Today is Red Nose Day, and in honour of the fundraising occasion Doctor Who has re-released a classic Comic Relief sketch about the Time Lord, 1999’s Curse of Fatal Death.
Featuring the talents of Julia Sawalha, Rowan Atkinson, Jonathan Pryce, Jim Broadbent, Joanna Lumley and Hugh Grant among others, it’s an affectionate pastiche poking fun at the classic series – but looking back on it now, it’s also full of ideas and details that would later turn up in the real Doctor Who when the series was revived.
The writer of the sketch was now-showrunner Steven Moffat, who has form for holding on to clever Doctor Who ideas he came up with before he was involved in the series – but it’s still interesting to note early forms of gags, quotes and castings that would later turn up in the sci-fi series.
Starting with a 50th anniversary favourite…
Never cruel or cowardly
In The Curse of Fatal Death, when Hugh Grant's incarnation of the Doctor expires after apparently using up the Time Lord's final regeneration, Julia Sawalha’s companion eulogised:
“He was never cruel, and NEVER cowardly…”
Fast forward to Moffat’s Doctor Who 50th anniversary special The Day of the Doctor, and it’s revealed that the name the Doctor chose for himself (that’s ‘The Doctor,’ fact fans) was also a promise, as explained by David Tennant and John Hurt’s incarnations of the character...
Clara: You told me the name you chose was a promise. What was the promise?
Tenth Doctor: Never cruel or cowardly.
War Doctor: Never give up. Never give in.
Props to Moffat for keeping that one in his head for nearly 15 years.
2015 two-parter The Magician’s Apprentice/The Magician’s Familiar included a cracking joke where Davros grandiosely presents the Doctor with a rare curio – the only other chair on Skaro (apart from his own wheelchair), poking fun at the Daleks’ lack of legs or bottoms.
And you can see the genesis of this gag in The Curse of Fatal Death, where Swalha’s Emma questions why the Daleks even possess the chairs they’ve tied her and the Doctor to on a spaceship.
“We will explain later,” is the terse reply, continuing a running joke where the series’ biggest recurring plot holes are waved away by the Doctor.
Richard E Grant
In Fatal Death, Grant plays an energetic, confident Doctor after regenerating from Rowan Atkinson’s incarnation, and would later take on the role of the Time Lord again for an animated webcast called Scream of the Shalka (where he played a new Ninth incarnation of the Doctor which was later ignored by the revived series).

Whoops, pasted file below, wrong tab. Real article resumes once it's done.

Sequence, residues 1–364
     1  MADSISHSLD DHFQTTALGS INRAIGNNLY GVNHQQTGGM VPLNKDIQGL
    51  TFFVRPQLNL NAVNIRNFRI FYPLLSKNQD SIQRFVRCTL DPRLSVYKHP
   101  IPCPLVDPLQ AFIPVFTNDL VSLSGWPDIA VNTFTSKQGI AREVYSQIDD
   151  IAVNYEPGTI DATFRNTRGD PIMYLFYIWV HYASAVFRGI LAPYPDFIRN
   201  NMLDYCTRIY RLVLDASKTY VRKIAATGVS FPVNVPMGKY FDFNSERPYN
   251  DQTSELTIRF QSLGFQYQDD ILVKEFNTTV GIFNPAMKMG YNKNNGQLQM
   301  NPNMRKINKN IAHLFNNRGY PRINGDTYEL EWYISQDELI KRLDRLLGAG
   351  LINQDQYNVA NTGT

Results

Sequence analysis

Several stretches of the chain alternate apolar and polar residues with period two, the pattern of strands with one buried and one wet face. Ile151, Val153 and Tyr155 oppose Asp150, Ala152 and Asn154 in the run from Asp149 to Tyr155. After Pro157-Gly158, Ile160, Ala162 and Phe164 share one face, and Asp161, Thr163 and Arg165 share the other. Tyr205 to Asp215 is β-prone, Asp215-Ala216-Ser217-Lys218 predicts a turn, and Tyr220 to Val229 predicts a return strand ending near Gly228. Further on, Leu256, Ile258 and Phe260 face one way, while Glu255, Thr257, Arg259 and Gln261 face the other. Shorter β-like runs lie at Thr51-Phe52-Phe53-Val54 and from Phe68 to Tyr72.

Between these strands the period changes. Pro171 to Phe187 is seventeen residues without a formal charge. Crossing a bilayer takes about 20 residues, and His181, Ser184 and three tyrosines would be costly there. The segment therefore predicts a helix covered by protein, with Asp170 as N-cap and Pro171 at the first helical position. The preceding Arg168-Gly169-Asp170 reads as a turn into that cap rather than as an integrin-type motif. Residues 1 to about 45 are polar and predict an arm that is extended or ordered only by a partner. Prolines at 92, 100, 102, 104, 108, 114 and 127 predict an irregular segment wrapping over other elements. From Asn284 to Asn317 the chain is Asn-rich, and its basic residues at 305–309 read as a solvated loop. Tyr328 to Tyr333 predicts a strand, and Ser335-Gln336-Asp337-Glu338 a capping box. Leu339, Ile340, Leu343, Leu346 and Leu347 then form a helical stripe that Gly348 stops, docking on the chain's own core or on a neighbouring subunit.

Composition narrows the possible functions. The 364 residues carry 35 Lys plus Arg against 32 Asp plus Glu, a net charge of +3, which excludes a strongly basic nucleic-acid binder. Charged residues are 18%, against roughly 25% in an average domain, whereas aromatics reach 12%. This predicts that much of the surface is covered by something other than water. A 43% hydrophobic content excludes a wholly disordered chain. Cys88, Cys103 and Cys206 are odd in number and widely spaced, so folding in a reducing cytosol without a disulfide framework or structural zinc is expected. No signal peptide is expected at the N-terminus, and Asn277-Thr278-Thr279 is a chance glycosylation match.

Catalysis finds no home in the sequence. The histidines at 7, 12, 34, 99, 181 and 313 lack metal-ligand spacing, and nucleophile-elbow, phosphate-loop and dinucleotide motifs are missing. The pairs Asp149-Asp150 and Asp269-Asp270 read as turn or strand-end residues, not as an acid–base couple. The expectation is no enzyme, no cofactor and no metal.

However, fans will know him better from his time in Moffat’s era of Doctor Who, where he played various versions of classic foe The Great Intelligence until 2013. Finally, canonical recognition!
The depiction of regeneration used in the sketch is rather similar to the version seen in the modern Doctor Who series, with yellow light bathing the Doctor's face before he makes the change.
And while this isn’t something Moffat brought with him to the new series – that form of regeneration has been around since the Russell T Davies era – it might still have offered some inspiration, especially since the team working on The Curse of Fatal Death’s special effects were future Who VFX artists The Mill.
Given the current furore around whether the next incarnation of the Doctor should be a woman (following Peter Capaldi’s departure this Christmas), it’s amusing to see The Curse of Fatal Death playing with this idea nearly two decades ago.
Foreshadowing Moffat’s efforts to make gender-changing regenerations canonical through Michelle Gomez’s version of the previously-male Master, we see the Doctor change from his male Hugh Grant form into Joanna Lumley, before walking off arm-in-arm with Pryce’s villain.
That’s Steven Moffat for you – very ahead of his time (and space).
It’s clear that Moffat can’t resist a sucker joke. In Fatal Death, Emma calls out The Master on his proudly-displayed new Dalek sucker. “So what can you do with that then?” she incredulously asks him, but he has no idea either. It's a confusion shared by brand new Who companion Bill in the scene used to introduce her character.
“It’s got a gun and a sucker? Why? Did they run out of guns?” she wonders. Clearly Moffat’s always been a sucker for a bit of meta humour.
And one that ALMOST happened – Hugh Grant
While The Curse of Fatal Death sees Hugh Grant as The Handsome Doctor, years later it emerged that we nearly saw the Love Actually star play The Actual Doctor, specifically the Ninth incarnation instead embodied by Christopher Eccleston.
"I was offered the role of the Doctor a few years back and was highly flattered,” he said in 2007.
“The danger with those things is that it's only when you see it on screen that you think, 'Damn, that was good, why did I say no?' But then, knowing me, I'd probably make a mess of it.”
Still, not to worry – we managed to see a brief snapshot of a Hugh Grant Time Lord, and in this crazy world that’s really all any of us can ask for.
The Red Nose Day broadcast begins on BBC1 tonight (Friday 24th March) at 7:00pm